Each year Brent Lodge cares for 600 hedgehogs, with over 250 admitted in winter. We provide expert advise, life-saving care, rehabilitation facilities, specialist food and vet treatment to those that are usually too small or too sick to survive hibernation, helping to halt the local species decline.
Donations open 12:00 PM, 3 December 2019 to 12:00 PM, 10 December 2019
Registered Charity in England and Wales (276179)
Due to climate changes, hedgehogs are breeding later in the year which means babies (hoglets) are often too small to survive the hibernation period in winter or mothers go into hibernation and abandon their young as temperatures go from hot to cold.
A sanctuary for wildlife in need. Dedicated, knowledgeable, compassionate and hard-working team. I really admire their "hands off" approach. Keeping wild animals wild, ready to be re-released when better.
We found a baby hedgehog wandering around our garden during the day. It was tiny so we took it in and contacted Brent Lodge, who asked us to bring it up to them. They weighed the hoglet and it was 252 grammes, so far too small to get through winter. These guys do a fab job.
A decline of 97 % of hedgehogs since the 1930's...some imaginative steps to ensure future generations grow up better connected to the natural world, every school child could have one day of outdoor learning each fortnight, ensure that everyone no matter how urban can gain access to greenspaces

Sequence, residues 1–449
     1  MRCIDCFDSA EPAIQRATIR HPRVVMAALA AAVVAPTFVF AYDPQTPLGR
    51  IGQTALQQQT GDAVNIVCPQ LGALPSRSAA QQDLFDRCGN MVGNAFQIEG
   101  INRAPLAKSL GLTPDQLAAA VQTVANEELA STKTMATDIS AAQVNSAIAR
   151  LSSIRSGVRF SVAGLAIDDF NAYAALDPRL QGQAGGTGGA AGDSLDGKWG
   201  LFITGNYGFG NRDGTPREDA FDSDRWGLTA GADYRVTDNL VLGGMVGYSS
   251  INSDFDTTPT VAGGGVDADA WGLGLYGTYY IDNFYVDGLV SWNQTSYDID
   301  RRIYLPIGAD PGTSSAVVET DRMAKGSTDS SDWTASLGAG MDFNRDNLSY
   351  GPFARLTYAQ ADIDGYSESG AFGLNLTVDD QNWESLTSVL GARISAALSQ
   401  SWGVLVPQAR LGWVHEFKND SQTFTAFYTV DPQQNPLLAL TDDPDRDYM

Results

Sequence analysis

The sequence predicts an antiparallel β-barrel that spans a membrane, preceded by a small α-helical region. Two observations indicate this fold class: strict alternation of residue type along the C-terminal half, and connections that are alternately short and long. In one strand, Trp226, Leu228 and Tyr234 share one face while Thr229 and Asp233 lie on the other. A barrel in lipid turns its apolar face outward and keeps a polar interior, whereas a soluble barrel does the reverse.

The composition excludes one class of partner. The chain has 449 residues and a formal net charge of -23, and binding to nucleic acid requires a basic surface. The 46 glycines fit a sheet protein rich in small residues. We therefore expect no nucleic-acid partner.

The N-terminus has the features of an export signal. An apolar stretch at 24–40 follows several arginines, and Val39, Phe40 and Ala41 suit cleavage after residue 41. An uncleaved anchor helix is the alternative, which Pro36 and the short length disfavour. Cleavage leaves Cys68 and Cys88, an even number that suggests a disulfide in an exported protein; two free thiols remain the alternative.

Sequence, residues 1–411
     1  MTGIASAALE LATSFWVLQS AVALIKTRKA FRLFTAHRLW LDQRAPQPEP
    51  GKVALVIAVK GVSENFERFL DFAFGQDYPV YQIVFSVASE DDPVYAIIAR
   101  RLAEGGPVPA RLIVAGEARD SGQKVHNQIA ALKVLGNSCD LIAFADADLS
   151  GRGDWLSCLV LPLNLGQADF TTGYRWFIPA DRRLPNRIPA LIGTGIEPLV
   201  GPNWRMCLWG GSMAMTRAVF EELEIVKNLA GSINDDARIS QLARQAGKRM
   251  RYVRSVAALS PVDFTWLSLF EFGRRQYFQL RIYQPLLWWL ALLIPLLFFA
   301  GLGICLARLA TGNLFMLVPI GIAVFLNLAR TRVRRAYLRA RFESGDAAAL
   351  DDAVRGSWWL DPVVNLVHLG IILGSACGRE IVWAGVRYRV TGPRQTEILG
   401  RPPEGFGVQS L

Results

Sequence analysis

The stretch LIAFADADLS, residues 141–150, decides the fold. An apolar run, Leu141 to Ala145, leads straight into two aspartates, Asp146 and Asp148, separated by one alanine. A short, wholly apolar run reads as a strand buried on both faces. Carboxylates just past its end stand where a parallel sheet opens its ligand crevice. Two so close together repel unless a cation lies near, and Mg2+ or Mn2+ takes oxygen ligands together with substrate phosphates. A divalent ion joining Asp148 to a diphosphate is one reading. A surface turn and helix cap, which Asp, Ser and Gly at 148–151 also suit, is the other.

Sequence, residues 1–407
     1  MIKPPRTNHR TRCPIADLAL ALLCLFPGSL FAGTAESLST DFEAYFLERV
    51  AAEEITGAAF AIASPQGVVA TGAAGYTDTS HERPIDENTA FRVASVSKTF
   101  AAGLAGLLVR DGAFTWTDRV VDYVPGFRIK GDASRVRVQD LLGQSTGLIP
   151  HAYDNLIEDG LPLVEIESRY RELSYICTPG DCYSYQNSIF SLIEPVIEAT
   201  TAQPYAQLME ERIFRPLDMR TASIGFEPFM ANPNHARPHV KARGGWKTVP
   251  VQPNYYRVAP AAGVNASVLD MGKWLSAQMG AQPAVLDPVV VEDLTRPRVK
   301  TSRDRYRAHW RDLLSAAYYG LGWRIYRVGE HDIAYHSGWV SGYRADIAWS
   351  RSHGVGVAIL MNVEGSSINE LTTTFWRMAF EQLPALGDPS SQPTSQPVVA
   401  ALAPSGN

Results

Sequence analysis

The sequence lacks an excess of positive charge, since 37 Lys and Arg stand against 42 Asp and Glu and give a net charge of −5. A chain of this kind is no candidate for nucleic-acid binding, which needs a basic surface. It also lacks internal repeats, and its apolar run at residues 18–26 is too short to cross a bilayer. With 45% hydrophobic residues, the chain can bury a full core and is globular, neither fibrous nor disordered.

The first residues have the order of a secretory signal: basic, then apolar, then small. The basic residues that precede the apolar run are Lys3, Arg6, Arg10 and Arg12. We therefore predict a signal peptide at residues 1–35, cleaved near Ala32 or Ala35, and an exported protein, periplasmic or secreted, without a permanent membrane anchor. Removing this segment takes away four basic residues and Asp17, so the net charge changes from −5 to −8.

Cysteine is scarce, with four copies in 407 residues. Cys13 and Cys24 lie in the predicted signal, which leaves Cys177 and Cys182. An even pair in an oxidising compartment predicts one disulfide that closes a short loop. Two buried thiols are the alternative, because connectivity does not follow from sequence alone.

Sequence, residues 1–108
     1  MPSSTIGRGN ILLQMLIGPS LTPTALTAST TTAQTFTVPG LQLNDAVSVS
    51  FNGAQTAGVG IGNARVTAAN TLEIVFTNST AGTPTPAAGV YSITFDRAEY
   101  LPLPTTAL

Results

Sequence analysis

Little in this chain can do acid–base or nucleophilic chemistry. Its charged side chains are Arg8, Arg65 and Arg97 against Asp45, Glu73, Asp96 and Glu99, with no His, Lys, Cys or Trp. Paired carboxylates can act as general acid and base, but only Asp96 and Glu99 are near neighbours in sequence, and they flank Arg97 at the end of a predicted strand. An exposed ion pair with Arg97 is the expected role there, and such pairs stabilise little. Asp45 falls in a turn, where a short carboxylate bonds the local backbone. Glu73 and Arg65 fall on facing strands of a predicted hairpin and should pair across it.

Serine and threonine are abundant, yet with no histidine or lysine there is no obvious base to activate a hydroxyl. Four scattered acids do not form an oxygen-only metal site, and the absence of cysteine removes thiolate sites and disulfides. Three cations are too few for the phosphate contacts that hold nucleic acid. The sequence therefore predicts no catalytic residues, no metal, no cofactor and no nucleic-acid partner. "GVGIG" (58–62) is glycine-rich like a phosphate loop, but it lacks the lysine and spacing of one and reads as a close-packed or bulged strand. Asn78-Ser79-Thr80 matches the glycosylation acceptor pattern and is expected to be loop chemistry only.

Hedgehog numbers have declined dramatically in recent years, mainly due to habitat loss, agricultural practices, shrinking territories and depleted food sources. Warmer winters and disruption to hibernation are causing hedgehogs to wake up earlier to forage more frequently and later summers are causing more to be born too close to hibernation resulting in babies too small to survive the winter on their own, therefore we need to give specialised care to secure their survival and species future
Providing these vulnerable hedgehogs with the care and vet treatment they need will dramatically increase their chances of survival and once rehabilitated, we can release more breeding pairs back to the wild increasing their depleted numbers and stabilising the local population. Through education about the perils hedgehogs face in the wild and advise on the steps communities can take to consider hedgehog welfare we can improve the long term outlook for their survival in local natural habitats.
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